Fraser Valley/Victoria – While everyone’s attention was on the NEB ruling, the Provincial Budget or the BC Speaker scandal, regulations that strengthen B.C.’s Agricultural Land Reserve (ALR) came into force under Bill 52 on Feb. 22. They are to enhance food security and encouraging farming in the ALR.

For the record this isn’t new, rather this was reaffirming that it is now in place.

Bill 52 was introduced on November 5, 2018, and received royal assent three weeks later. It required a regulation to bring the law into force. The legislative changes make it clear that British Columbia’s ALR is for farming and ranching, not for building mega-mansions and dumping construction waste.

The Provincial governments media department didn’t make the announcement until Saturday.

The Agricultural Land Commission Amendment Act, 2018 provides three key changes, including:

  • Restricting the removal of soil and increased penalties for the dumping of construction debris and other harmful fill in the ALR.
  • Directly addressing mega-mansions and speculation in the ALR by limiting primary residence size on ALR lands and empowering the Agricultural Land Commission (ALC) to approve additional residences if they are for farm use.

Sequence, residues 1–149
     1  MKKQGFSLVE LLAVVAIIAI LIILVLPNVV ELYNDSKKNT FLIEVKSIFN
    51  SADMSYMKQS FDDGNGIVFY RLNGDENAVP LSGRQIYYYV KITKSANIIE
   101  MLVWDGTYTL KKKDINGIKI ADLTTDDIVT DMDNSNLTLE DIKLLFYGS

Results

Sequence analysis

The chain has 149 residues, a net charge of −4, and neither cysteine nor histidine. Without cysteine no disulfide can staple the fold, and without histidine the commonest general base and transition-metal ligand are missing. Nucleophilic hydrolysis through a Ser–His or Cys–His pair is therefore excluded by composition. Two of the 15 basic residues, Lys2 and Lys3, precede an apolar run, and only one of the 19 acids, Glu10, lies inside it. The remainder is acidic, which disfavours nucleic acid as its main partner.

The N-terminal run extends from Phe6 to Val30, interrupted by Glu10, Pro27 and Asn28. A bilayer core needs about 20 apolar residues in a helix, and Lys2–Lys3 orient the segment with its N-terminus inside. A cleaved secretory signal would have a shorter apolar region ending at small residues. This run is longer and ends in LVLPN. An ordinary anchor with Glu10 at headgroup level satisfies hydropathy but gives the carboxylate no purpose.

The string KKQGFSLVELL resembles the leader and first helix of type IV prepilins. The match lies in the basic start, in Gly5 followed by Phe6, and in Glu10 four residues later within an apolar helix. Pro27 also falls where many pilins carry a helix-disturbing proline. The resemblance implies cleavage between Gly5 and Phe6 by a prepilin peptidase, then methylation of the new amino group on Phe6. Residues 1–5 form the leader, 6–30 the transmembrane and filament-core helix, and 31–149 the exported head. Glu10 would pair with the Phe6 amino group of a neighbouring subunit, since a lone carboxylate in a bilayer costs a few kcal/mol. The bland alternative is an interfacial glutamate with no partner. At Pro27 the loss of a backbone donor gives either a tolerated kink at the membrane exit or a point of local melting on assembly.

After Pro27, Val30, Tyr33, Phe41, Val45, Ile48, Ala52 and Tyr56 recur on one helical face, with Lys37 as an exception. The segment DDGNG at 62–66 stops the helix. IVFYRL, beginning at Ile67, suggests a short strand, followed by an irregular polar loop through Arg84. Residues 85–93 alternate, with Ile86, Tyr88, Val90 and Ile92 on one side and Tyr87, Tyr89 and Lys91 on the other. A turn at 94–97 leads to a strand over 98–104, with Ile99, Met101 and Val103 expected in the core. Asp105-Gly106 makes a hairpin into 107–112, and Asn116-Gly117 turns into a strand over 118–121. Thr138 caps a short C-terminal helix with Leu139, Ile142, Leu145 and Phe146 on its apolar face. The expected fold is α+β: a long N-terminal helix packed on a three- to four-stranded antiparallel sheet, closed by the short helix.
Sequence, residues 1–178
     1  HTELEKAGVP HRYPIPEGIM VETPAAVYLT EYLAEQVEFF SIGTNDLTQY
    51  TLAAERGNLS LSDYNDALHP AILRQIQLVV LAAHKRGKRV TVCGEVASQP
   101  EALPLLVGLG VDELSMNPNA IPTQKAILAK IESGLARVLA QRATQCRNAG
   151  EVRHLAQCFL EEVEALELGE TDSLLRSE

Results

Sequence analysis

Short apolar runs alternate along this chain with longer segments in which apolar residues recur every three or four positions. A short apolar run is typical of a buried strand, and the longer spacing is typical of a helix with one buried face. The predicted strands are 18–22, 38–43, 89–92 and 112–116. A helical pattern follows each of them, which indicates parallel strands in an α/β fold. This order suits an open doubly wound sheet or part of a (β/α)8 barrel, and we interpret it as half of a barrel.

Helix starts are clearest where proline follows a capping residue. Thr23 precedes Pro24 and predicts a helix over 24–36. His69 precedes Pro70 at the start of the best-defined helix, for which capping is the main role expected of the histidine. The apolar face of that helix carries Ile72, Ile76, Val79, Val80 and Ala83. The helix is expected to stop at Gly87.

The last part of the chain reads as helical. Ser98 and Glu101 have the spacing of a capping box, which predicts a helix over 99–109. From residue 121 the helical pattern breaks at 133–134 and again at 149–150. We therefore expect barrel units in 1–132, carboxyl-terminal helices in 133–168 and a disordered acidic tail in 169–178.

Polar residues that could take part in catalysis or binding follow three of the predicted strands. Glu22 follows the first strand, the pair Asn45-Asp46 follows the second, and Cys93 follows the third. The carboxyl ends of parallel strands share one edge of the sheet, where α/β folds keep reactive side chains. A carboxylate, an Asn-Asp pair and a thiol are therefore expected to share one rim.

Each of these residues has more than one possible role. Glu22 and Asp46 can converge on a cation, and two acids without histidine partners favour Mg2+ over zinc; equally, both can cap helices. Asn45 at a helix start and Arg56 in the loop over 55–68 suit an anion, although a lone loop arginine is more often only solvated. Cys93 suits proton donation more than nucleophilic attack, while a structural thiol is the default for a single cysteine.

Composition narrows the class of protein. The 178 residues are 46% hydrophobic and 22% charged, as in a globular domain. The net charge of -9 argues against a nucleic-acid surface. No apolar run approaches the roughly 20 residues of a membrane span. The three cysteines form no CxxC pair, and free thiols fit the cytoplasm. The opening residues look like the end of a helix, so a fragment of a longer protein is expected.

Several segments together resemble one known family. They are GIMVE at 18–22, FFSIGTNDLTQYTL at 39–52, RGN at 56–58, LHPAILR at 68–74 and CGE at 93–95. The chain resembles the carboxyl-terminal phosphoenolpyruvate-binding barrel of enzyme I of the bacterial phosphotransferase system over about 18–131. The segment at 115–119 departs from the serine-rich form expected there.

• Reunifying the ALR as a single zone, ensuring consistent rules with strong protections for all provincial ALR land.

“I’m very happy to see this law come into full force and effect,” said Lana Popham, Minister of Agriculture. “This new law will encourage farming and better protect farmland by banning mega-mansions, stopping the illegal dumping of waste on farmland and reinstating the one-zone system.”

Established in 1973, the ALR is administered by the ALC, an independent tribunal mandated to preserve agricultural land and encourage farming on agricultural land. The ALR includes over 4.7 million hectares of B.C. that are preserved for agricultural use — less than 5% of B.C.’s total land base.

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